All Things Human

Henry Codman Potter and the Social Gospel in the Episcopal Church
Author: Michael Bourgeois
First in depth study of the 6th Episcopal Bishop of New York and prominent voice in the Social Gospel movement
Cloth – $39
eBook – $19.95
Publication Date
Cloth: 01/19/2004
Buy the Book Request Desk/Examination Copy Request Review Copy Request Rights or Permissions Request Alternate Format
Book Share

About the Book

In addition to being the sixth bishop of the Diocese of New York, Henry Codman Potter (1835-1908) was a prominent voice in the Social Gospel movement of the late nineteenth and early twentieth centuries. This book, the first in-depth study of Potter's life and work, examines his career in the Episcopal church as well as the origins and legacy of his progressive social views.

As industrialization and urbanization spread in the nineteenth century, the Social Gospel movement sought to apply Christian teachings to effect improvements in the lives of the less fortunate. Potter was firmly in this tradition, concerning himself especially with issues of race, the place of women in society, questions of labor and capital, and what he called "political righteousness." Placing Potter against the wider backdrop of nineteenth-century American Protestantism, Bourgeois explores the experiences and influences that led him to espouse these socially conscious beliefs, to work for social reform, and to write such works as Sermons of the City (1881) and The Citizen in His Relation to the Industrial Situation (1902).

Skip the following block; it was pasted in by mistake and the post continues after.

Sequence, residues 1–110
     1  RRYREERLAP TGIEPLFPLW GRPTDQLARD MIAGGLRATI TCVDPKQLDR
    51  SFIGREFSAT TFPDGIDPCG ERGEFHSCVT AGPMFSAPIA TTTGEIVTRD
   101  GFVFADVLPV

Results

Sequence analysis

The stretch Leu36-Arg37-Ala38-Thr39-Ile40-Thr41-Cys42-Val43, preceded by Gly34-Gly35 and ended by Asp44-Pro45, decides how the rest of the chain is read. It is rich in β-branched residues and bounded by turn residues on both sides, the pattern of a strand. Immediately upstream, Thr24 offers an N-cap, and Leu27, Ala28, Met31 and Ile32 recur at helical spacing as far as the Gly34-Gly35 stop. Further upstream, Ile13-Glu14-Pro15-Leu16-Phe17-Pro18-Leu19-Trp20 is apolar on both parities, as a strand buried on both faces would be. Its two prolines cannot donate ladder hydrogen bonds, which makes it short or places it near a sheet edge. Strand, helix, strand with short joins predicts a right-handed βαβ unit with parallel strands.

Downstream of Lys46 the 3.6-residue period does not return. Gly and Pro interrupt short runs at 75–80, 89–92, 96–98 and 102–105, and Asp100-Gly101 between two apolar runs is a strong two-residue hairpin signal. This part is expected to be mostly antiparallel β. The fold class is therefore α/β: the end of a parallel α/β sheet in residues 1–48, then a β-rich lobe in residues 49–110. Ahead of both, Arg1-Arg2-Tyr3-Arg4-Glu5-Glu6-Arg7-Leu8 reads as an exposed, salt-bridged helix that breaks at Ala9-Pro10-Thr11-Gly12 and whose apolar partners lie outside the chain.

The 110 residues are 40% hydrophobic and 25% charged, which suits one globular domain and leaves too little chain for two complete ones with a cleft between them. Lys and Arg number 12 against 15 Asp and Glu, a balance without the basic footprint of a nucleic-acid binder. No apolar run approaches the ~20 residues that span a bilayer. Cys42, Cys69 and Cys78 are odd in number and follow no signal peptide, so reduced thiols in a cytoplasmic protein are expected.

In telling Potter's remarkable story, All Things Human stands as a valuable contribution to intellectual and religious history as well as an exploration of the ways in which religion and society interact.

About the Author

Michael Bourgeois is an assistant professor of theology at Emmanuel College of Victoria University in the University of Toronto. He is the author of articles appearing in various religious studies journals.


"Combining first-rate scholarship with lucid writing, Bourgeois has produced the first in-depth study of this key player in American Episcopal life."--Charles Lippy, author of Twentieth-Century Shapers of American Popular Religion and Pluralism Comes of Age: American Religious Culture in the Twentieth Century